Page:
Suspected Islamic State attacks kill 60 in Iraq
About 62 people have been killed and 83 wounded in a wave of suspected Islamic State of Iraq and the Levant (ISIL) attacks on military posts and civilian neighbourhoods across Iraq, officials said.
In the worst of yesterday’s attacks, at least 26 troops were killed when a car bomb went off in the city of al Baghdadi, which is west of the strategically vital Anbar province and near Ain al-Asad airbase.
A police source from Salahuddin province, north of Baghdad, told Al Jazeera that at least six pro-government militia fighters were killed and 18 others injured in two separate ISIL attacks there.
Thirteen other members of the security forces were killed in an attack on a military barracks east of Fallujah.
In a suicide blast that targeted the Iraqi prime minister’s convoy as it travelled through the Meshahda area of Baghdad, at least three pro-government militia fighters were killed and 10 wounded.
Three people were killed and 12 wounded when a suicide bomber blew himself up at a security checkpoint north of Baghdad. The incident happened near Al-Muthana Bridge, which links the capital with northern towns and cities such as Samara and Tikrit.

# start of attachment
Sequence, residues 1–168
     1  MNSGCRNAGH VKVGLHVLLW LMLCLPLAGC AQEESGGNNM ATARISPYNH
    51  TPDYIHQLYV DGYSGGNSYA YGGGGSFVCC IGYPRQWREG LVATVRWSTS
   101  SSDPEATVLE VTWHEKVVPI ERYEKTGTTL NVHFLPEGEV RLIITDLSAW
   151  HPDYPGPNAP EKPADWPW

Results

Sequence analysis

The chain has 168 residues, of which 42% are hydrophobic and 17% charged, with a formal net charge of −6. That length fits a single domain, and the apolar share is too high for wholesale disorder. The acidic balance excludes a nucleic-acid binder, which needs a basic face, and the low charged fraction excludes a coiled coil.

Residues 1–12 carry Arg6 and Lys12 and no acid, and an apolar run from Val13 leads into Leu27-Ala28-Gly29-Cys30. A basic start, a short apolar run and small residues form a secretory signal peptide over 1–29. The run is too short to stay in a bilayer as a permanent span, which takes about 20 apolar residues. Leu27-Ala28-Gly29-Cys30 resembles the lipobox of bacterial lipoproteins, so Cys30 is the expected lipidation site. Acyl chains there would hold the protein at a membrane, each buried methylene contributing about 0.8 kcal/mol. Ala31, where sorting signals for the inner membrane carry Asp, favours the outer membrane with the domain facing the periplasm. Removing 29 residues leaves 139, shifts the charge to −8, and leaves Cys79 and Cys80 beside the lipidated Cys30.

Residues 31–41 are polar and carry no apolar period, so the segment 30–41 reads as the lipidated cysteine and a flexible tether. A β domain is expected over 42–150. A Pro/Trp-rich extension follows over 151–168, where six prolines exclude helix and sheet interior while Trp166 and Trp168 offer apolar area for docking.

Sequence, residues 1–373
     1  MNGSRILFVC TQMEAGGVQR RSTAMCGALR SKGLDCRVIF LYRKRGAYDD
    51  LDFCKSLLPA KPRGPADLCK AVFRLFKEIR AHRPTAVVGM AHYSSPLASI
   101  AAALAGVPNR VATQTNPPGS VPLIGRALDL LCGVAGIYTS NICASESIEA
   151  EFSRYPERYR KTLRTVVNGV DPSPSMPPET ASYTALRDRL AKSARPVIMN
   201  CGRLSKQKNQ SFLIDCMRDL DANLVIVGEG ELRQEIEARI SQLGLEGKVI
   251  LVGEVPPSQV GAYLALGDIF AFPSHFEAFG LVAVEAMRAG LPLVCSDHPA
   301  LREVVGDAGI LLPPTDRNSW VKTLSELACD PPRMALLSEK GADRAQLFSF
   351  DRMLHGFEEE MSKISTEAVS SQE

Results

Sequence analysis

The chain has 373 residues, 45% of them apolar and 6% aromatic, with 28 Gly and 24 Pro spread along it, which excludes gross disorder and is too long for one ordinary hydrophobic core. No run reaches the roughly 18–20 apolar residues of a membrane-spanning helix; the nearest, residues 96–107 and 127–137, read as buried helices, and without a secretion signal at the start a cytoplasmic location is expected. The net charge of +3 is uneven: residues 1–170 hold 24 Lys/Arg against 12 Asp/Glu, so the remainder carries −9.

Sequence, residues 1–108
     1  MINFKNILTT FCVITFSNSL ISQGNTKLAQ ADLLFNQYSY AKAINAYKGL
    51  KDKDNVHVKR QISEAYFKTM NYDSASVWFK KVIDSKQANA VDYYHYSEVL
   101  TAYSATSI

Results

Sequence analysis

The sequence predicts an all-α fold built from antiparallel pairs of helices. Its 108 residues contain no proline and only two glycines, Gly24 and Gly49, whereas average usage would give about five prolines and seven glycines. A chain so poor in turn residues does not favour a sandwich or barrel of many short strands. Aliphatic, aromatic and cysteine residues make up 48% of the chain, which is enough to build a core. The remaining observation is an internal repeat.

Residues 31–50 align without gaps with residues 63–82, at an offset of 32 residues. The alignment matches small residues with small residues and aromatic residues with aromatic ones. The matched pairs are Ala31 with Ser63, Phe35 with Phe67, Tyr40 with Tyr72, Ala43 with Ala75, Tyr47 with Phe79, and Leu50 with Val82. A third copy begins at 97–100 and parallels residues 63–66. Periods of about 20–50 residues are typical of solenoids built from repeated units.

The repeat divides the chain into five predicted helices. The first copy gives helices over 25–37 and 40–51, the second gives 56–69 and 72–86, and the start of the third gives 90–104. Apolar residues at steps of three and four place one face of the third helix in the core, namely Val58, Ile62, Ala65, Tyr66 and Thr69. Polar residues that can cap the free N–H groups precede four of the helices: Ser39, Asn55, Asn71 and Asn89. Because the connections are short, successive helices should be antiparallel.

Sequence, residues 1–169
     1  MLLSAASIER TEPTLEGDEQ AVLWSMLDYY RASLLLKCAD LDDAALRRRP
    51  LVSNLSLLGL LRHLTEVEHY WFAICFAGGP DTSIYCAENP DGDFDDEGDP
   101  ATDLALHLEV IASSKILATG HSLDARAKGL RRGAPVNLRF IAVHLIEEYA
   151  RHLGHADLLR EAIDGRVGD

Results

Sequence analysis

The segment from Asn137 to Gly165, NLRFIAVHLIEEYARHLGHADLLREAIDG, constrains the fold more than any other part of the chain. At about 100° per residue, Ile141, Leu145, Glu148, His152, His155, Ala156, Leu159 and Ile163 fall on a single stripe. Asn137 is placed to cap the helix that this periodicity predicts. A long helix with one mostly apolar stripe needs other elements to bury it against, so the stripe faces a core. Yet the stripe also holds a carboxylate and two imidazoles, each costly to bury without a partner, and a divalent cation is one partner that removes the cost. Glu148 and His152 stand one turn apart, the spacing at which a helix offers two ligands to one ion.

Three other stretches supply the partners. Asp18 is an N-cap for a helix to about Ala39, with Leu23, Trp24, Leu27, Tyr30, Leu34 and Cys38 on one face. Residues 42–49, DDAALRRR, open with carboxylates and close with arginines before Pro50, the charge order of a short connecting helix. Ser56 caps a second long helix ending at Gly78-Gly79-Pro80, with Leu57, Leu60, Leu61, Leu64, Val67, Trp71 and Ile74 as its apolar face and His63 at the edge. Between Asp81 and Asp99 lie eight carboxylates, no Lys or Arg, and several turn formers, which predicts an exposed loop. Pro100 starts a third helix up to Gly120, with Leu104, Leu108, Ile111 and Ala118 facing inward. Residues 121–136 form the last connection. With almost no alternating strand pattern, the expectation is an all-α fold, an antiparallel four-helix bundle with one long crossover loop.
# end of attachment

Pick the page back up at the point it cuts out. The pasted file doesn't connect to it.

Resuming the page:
In the southern city of Nassiriyah, police sources said at least five civilians were killed and 23 wounded in a bombing at a local restaurant in Tel Al-Laham town.
In the centre of Basra city, at least five civilians were killed and 11 wounded after a parked car exploded at an intersection.
Two civilians were killed and seven injured when two mortar shells hit the residential area of Al-Nassar neighbourhood – part of Abu Ghraib town – west of Baghdad.
The series of bombings came as Iraqi forces continued a campaign to wrest back control of parts of Anbar province and Mosul city – which was seized by ISIL in 2014.
Iraq’s army said in a statement that its operations against ISIL in Mosul continued yesterday, having been on pause for several days.
It also said that it was advancing towards the ISIL-held town of Makhmour, south of Mosul, as a U.S.-led coalition backed it with air support.
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